Anaphylaxis in Children
What is anaphylaxis in children?Anaphylaxis is a severe and sometimes life-threatening reaction to an allergen. An allergen is something that your child is allergic to. Anaphylaxis is a medical emergency. Your child can have a reaction to an allergen as quickly as seconds to as long as an hour after contact. To be allergic to something, your child would have had to come in contact with the allergen before. This is when sensitization would happen.
What causes anaphylaxis in children?
Anaphylaxis happens when a child comes in contact with an allergen. The kind of allergen may be different for every child. Some of the most common causes include:
- Medicines, such as penicillin
- Dyes used for medical tests
- Allergy shots
- Bug stings
Who is at risk for anaphylaxis in children?
Anaphylaxis can happen in people without known risk factors. However, the risk is greater if your child has:
- Family history of anaphylaxis
- Had anaphylaxis before
What are the symptoms of anaphylaxis in children?
Symptoms appear quickly. Anaphylaxis may happen minutes to hours after being exposed to an allergen. However, each child may face symptoms differently. Symptoms may include:
- Tightness or swelling of the throat, tongue, or uvula (small, soft pendulum that hangs down in the back of your throat)
- Wheezing or trouble breathing
- Uneasy feeling or agitation
- Widespread hives
- Severe itching of the skin
- Nausea and vomiting
- Stomach pain
- Heart failure
- Irregular heartbeat
- Lowered blood pressure
- Loss of bladder control
The symptoms of anaphylaxis may look like other health problems. Always talk with your child’s health care provider for a diagnosis.
How is anaphylaxis in children diagnosed?
The diagnosis of anaphylaxis is based on a medical history. The health care provider will look at the following to make a diagnosis:
- Any known allergies
- Exposure to allergens
- Description of symptoms
- Physical exam, including blood pressure
- Blood test results, in some cases
How is anaphylaxis in children treated?Anaphylaxis is a medical emergency. Your child will need urgent medical care. He or she will probably get a shot of epinephrine. This will help stop the bad effects caused by the allergen. You will be taught how to use an epinephrine shot. You will have to keep it near your child in case of future events. Talk about this with your child’s health care provider.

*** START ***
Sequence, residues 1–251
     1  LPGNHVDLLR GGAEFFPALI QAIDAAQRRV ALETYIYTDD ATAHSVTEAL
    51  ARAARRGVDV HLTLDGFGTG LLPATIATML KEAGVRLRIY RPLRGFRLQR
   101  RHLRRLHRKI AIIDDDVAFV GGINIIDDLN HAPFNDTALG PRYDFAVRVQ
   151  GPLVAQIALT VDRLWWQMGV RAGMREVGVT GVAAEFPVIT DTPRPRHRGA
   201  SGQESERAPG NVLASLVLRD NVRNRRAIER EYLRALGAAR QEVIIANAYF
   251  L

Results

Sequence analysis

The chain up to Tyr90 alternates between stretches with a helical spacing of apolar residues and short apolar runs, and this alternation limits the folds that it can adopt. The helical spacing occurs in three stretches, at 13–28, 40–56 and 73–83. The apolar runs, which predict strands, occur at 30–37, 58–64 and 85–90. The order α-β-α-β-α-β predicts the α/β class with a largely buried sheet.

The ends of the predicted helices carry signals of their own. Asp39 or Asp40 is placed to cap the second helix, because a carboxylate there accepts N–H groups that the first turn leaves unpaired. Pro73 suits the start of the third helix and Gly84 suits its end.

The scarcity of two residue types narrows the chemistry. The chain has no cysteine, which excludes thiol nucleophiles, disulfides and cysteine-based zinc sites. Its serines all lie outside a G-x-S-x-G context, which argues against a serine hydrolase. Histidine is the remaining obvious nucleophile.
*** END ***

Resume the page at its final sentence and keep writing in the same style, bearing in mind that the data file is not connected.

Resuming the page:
Can anaphylaxis in children be prevented?The best way to prevent anaphylaxis is to avoid known allergy triggers.
Living with anaphylaxis in childrenIf your child has anaphylaxis, you will want to cut the risk of future episodes. You can do this by figuring out the allergen that triggered the first episode. Then you can avoid the trigger. Your health care provider may also prescribe an epinephrine shot. You will be taught how to use it. The shot can be given quickly if your child has another episode.
Key points about anaphylaxis in children
- Anaphylaxis is a severe and sometimes life-threatening reaction to an allergen.
- Anaphylaxis is caused by allergies to things such as medicines, foods, dyes, allergy shots, bug stings, and latex.
- Symptoms of anaphylaxis include: tightness or swelling of the throat, tongue, or uvula, trouble breathing, widespread hives, itching, nausea and vomiting, irregular heartbeat, and loss of bladder control.
- Anaphylaxis is a medical emergency. Treatment will likely include a shot of epinephrine.
- The best way to prevent anaphylaxis is to avoid known allergy triggers.
Next stepsTips to help you get the most from a visit to your child’s health care provider:
- Before your visit, write down questions you want answered.
- At the visit, write down the names of new medicines, treatments, or tests, and any new instructions your provider gives you for your child.
- If your child has a follow-up appointment, write down the date, time, and purpose for that visit.
- Know how you can contact your child’s provider after office hours. This is important if your child becomes ill and you have questions or need advice.